Consider the simple linear model $Y = \beta_0 + \beta_1X + \beta_2 X^2$. Now think of a change of scale (in your case, that could be for instance measuring in square feet instead of square meters, or viceversa) so that the new variable is $Z = aX + b$. The very least you would ask of an statistical model is that the inferences are invariant to the scale of measure. See how the model changes when writen in terms of $Z$.
Y &=& \beta_0 + \beta_1Z + \beta_2Z^2 \\
&=& (\beta_0 + \beta_1b + \beta_2b²) + (\beta_1a + 2ab\beta_2)X + a^2\beta_2X^2 \\
&=& \beta_0^* + \beta_1^*X + \beta_2^*X^2
Assume you want to test that the quadratic effect is zero. You can do it in either model, as $\beta_2 = 0$ implies (and is implied by) $\beta_2^* = 0$, since $\beta_2^* = a^2\beta_2$; so the model gives invariant inference about the quadratic term in either scale of measure when you include the linear term. This is no longer the case if you do not include the linear term, as can be checked easily.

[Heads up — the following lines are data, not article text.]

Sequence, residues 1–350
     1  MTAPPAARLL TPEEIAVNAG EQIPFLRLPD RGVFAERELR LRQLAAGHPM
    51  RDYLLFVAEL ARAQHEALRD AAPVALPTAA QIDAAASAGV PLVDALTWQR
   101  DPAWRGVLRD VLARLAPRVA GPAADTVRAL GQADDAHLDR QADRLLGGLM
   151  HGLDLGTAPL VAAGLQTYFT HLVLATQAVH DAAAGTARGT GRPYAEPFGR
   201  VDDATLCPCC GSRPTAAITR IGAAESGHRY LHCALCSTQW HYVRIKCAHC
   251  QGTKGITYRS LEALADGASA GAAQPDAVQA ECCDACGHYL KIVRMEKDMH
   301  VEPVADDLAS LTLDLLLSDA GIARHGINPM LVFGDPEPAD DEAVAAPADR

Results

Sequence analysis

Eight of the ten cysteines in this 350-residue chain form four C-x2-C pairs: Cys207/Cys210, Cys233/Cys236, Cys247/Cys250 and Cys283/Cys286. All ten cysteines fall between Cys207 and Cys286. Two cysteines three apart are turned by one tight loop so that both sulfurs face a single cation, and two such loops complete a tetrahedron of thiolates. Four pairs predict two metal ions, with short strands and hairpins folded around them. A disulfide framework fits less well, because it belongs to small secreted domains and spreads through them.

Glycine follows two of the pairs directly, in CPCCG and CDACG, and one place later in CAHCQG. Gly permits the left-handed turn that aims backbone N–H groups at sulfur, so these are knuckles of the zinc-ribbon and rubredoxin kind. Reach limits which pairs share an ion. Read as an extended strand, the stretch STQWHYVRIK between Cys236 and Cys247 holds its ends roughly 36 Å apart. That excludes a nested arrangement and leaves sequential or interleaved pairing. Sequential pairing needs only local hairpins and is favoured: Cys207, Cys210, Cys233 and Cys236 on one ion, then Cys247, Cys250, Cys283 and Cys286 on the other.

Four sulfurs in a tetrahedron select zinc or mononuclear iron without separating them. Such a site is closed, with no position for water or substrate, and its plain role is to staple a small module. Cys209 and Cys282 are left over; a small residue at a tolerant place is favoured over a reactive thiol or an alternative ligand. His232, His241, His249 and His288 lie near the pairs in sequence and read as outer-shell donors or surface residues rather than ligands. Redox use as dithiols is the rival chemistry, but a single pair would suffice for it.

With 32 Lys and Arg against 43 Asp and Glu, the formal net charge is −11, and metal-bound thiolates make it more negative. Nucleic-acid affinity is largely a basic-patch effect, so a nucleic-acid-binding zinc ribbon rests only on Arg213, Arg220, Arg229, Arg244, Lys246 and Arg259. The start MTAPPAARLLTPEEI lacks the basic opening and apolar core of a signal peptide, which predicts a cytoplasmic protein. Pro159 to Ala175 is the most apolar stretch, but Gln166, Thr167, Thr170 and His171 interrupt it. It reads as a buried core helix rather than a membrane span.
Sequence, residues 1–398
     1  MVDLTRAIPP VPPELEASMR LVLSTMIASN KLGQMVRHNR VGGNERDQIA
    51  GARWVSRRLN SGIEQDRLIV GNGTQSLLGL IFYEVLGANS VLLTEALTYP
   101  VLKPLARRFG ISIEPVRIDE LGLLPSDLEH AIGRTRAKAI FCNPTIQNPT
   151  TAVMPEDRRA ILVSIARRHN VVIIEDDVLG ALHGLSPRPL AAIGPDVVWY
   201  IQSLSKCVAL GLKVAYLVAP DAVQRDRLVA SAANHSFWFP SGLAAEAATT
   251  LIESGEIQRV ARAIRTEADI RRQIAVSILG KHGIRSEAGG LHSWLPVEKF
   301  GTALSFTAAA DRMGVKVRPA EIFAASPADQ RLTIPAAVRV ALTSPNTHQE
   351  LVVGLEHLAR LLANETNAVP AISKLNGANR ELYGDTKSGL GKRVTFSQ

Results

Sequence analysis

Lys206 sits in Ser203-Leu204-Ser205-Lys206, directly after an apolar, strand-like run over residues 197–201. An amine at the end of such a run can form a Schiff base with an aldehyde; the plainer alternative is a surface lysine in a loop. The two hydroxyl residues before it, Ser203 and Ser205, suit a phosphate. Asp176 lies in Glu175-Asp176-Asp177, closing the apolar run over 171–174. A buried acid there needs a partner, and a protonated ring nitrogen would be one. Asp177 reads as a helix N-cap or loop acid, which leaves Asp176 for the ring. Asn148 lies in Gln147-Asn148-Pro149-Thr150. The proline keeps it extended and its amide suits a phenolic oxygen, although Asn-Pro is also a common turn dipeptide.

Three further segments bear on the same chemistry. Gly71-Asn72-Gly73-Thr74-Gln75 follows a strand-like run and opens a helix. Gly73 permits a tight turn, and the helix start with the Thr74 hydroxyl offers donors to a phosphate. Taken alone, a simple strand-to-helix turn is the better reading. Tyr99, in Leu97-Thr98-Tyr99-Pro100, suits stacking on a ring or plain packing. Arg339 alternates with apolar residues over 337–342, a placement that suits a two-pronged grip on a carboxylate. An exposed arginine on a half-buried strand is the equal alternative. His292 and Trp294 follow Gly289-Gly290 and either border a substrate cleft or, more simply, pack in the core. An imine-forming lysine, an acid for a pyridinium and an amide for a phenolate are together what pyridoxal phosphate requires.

So to answer your question, yes, you want to include the linear term even if interest focuses on the quadratic term, as otherwise you might get different answers in different scales. Or, put in another way, you want to fit a well structured hierarchical model.
Notice this reasoning also underlies the inclusion of an intercept, even if per se the intercept terms is of no interest.
Regarding your last question, fit the model that seems best and then obtain the first derivative, as has been advised in a comment.